- "It may be due to the lower cell surface expression of TNFRp55 (data not shown), the crucial TNF receptor component for the expression of adhesion molecule ICAM-1 and VCAM-1, on RA-FLS compared with control FLS [45,46]. However, our previous study showed that the synergistic activating effects of IL-27 and TNF-α on bronchial epithelial cells were partially due to the IL-27 up-regulated expression of TNF-α receptor p55TNFR . IL-27 stimulation could also lead to the increased expression of TNF-α and IL-1β in primary human monocytes [14,48]. "
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ABSTRACT: Interleukin (IL)-27 is a novel member of the IL-6/IL-12 family cytokines that are produced early by antigen-presenting cells in T helper (Th)1-mediated inflammation. Elevated expression of IL-27 has been detected in the synovial membranes and fluid of rheumatoid arthritis (RA).
We investigated the in vitro effects of IL-27, alone or in combination with inflammatory cytokine tumor necrosis factor (TNF)-α or IL-1 β on the pro-inflammatory activation of human primary fibroblast-like synoviocytes (FLS) from RA patients and normal control subjects, and the underlying intracellular signaling molecules were determined by intracellular staining using flow cytometry.
Significantly higher plasma concentration of IL-27 was found in RA patients (n = 112) than control subjects (n = 46). Both control and RA-FLS constitutively express functional IL-27 receptor heterodimer, gp130 and WSX-1, with more potent IL-27-mediated activation of signal transducers and activators of transcription (STAT)1 in RA-FLS. IL-27 was found to induce significantly higher cell surface expression of intercellular adhesion molecule (ICAM)-1 and vascular cell adhesion molecule (VCAM)-1 and release of inflammatory chemokine IL-6, CCL2, CXCL9, CXCL10 and matrix metalloproteinase-1 of RA-FLS than that of control FLS (all P < 0.05). Moreover, an additive or synergistic effect was observed in the combined treatment of IL-27 and TNF-α or IL-1 β on the surface expression of ICAM-1 and VCAM-1 and the release of CXCL9 and CXCL10 of RA-FLS. Further investigations showed that the expression of ICAM-1, VCAM-1 and chemokines stimulated by IL-27 was differentially regulated by intracellular activation of phosphatidylinositol 3-OH kinase-AKT, c-Jun amino-terminal kinase and Janus kinase pathways.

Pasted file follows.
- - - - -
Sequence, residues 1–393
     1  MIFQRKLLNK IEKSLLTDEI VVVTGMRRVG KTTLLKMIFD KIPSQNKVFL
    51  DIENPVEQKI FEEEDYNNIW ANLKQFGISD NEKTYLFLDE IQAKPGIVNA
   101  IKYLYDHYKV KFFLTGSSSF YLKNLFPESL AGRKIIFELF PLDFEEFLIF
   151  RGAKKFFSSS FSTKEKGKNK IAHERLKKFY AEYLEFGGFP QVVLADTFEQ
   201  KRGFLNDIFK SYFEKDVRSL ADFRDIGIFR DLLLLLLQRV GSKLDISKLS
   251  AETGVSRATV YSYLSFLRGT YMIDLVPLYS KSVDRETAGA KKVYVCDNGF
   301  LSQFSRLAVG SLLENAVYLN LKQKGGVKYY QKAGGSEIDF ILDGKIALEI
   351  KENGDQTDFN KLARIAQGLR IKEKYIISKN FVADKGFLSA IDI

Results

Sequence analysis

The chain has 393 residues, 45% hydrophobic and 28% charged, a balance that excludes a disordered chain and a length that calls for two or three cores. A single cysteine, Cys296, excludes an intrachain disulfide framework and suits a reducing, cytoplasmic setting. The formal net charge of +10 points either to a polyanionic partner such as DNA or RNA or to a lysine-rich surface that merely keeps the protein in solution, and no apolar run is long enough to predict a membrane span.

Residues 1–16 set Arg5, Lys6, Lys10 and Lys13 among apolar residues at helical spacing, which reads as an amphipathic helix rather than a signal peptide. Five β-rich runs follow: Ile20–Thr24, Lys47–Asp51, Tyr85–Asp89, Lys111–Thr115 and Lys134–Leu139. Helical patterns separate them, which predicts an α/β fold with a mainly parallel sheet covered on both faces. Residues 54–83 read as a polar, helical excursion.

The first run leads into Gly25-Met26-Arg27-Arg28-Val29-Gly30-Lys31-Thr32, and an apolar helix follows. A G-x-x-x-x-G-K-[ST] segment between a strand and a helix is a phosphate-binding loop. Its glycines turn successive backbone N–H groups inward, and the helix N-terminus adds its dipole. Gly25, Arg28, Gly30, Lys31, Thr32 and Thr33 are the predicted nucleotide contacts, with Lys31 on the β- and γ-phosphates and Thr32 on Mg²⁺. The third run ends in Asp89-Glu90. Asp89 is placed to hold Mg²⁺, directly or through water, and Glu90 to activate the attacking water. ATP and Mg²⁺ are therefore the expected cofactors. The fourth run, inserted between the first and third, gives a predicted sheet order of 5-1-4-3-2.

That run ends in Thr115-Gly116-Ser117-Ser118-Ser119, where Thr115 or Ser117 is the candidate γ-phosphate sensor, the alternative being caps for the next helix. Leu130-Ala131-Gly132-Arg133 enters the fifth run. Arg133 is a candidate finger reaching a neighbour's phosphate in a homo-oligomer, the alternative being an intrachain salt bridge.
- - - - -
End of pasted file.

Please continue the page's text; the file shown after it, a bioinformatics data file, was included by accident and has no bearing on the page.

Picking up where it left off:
Our results therefore provide a new insight into the IL-27-activated immunopathological mechanisms mediated by distinct intracellular signal transductions in joint inflammation of RA.
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ABSTRACT: The role of IL-27 in the pathogenesis of airway inflammatory diseases remains elusive. We, therefore, have studied its concentrations in the sputum and plasma of patients with COPD and patients with pulmonary TB (PTB), and further investigated the mechanism-of-action effects of IL-27 on bronchial epithelial cells in vitro.
Human bronchial epithelial cells grown on air-liquid interface culture were activated by IL-27, alone, or in combination with other inflammatory cytokines in the presence or absence of various signaling molecule inhibitors. The expression of CXCL10 was detected by reverse transcription polymerase chain reaction and enzyme-linked immunosorbent assay (ELISA). The underlying signaling pathways were studied by intracellular staining using flow cytometry, Western blot, ELISA, or siRNA.
Significantly higher sputum and plasma concentrations of IL-27 were found in patients with COPD (n = 34; P < .01 and P < .001, respectively) or patients with PTB (n = 31; P < .01 and P < .001, respectively) than in healthy control subjects (n = 48). Sputum, but not plasma, IL-27 levels in patients with COPD correlated negatively with FEV(1) (r = -0.51, P < .01). Sputum, but not plasma, IL-27 in patients with PTB correlated positively with mycobacterial load in sputum (r = 0.48, P < .05). Further in vitro studies demonstrated that IL-27 could induce gene and protein expression of CXCL10 in bronchial epithelial cells, which was regulated by the activation of the phosphatidylinositol 3-OH kinase (PI3K)-Akt signaling pathway.
The production of IL-27 is related to the pathogenesis of COPD and PTB, and IL-27 induces the expression of CXCL10 in bronchial epithelial cells through the activation of the PI3K-Akt signaling pathway.